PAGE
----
Finally, when the district realized it would be impossible to single out this one group, they decided to ban all non-curricular school clubs. Along with the GSA, they Young Republicans and Democrats, Students Against Drunk Driving, the Polynesian Club and countless other clubs were prohibited from meeting. According to the ACLU, this is the only district in the nation that has gone to such extreme measures.
But, even with the ban, the GSA figured out a way to continue meeting. Under the state’s Civic Center Act, any group can rent space from a public school after hours. So, the group found a sponsor, paid the rent, and continued to meet. They are not one of the few non-curricular groups that still gather in the district and similar groups are popping up at other schools in the Salt Lake valley.
“There are other GSAs in other districts that do meet and the sky hasn’t fallen and civilization as we know it hasn’t ended and students just kind of do their thing,” Clark said.
These small victories give Clark reason to hopefully look ahead:
“In 20 or 30 years, we’ll look back on the prohibition on same-sex marriage with the same kind of regret and shame, that we ever maintained the kinds of attitudes that would deprive people of the ability to form loving committed attachments. What these movements do is cause people to confront their prejudices and when people are forced to deal with each other in terms of inner common humanity instead of stereotypes, then you start to overcome historic prejudices.”
There are still many battles to be fought. Last year, the Division of Child and Family Services created a rule that said unmarried people can’t adopt or serve as foster parents. The ACLU, again, has taken up the cause.
“One of the claims made in the lawsuit is that those kinds of blanket exclusions violate the constitutional rights of both children in need of adoption and adults who are willing and able to adopt them,” said Clark.
“There’s not a lot of law in this area because most states do the sensible thing and, rather than enacting these kinds of arbitrary blanket exclusions, they make these very difficult placement decisions on a place-by-place basis. They basically say, we’re not going to exclude anybody who is willing to open their homes to a child in need of adoption,” Clark said.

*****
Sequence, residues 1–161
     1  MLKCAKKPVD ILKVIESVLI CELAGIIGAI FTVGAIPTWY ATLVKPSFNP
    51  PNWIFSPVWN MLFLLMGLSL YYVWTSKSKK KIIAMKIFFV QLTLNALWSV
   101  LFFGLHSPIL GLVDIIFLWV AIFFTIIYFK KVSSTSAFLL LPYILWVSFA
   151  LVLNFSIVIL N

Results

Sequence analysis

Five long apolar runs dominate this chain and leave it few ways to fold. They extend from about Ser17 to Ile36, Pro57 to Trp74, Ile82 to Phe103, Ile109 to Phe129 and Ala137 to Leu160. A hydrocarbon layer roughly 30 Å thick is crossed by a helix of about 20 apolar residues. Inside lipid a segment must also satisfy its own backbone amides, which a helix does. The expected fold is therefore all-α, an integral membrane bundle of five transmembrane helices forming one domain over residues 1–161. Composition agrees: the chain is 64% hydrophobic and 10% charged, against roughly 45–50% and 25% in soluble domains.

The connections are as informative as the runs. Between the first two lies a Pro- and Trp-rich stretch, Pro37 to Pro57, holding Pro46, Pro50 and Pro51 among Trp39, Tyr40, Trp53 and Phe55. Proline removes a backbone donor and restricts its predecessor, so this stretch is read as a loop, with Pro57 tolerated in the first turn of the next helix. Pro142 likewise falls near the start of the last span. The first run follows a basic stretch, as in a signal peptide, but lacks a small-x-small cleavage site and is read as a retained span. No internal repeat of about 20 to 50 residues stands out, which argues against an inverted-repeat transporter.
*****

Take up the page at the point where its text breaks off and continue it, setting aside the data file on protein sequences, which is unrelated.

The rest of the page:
By the time this paper goes to press, the Utah State Legislature will probably have passed a law that would ban same-sex couples from adopting children. Florida is the only other state to legislate a ban on gay adoptions.
“The Utah Legislature historically has shown very little regard for the constitution when it comes to certain things. You’ve got, for some reason, this idea that Utah can disregard people’s rights and the constitution and do whatever it pleases, and we have to keep going back to court to challenge these things,” said Clark.
Historically, the state has not placed children in same-sex couple’s homes and Clark questions the motivations for the bill. Supporters of the bill defend their vote by claiming to protect the best interests of children. They say they opposition is an adult-driven campaign that ignores children’s needs. Clark agrees the controversy is adult-driven, but not on the part of the gay activists.
“It’s an adult campaign driven by far-right ideologues who unfortunately are willing to sacrifice the well-being of children to make a political and ideological point that doesn’t really need to be made.”
But all the lobbying and logic in the world couldn’t change the mind of the lawmakers. When the first openly gay Utah state lawmaker, Jackie Biskupski, made an impassioned plea to her fellow legislators to vote against the bill, her colleagues ignored her pleas.
“The stereotypes that people use to justify their hatred for me, is not me. I am not all those negative things you have been taught to believe. I am not less than human and therefore do not deserve to have my liberties taken away from me. Putting [people] in categories in order to deem them to be unfit parents without personally knowing who you are impacting, reminds me of past discriminations. This is truly reminiscent of the Jews, the African Americans and even the Mormons. [They] were persecuted unjustly. Every time we have justified singling out a particular group and have chosen to take away their rights for reason that seem okay at the time, later generations have had to look back in horror and undo the wrong that has been done.”
Right after Biskupski’s speech, the Utah House of Representatives voted to pass the ban. The bill now goes to the state Senate, where it is expected to pass, then to Governor Mike Leavitt, who is expected to sign.
How long will it take for us to “look back in horror?”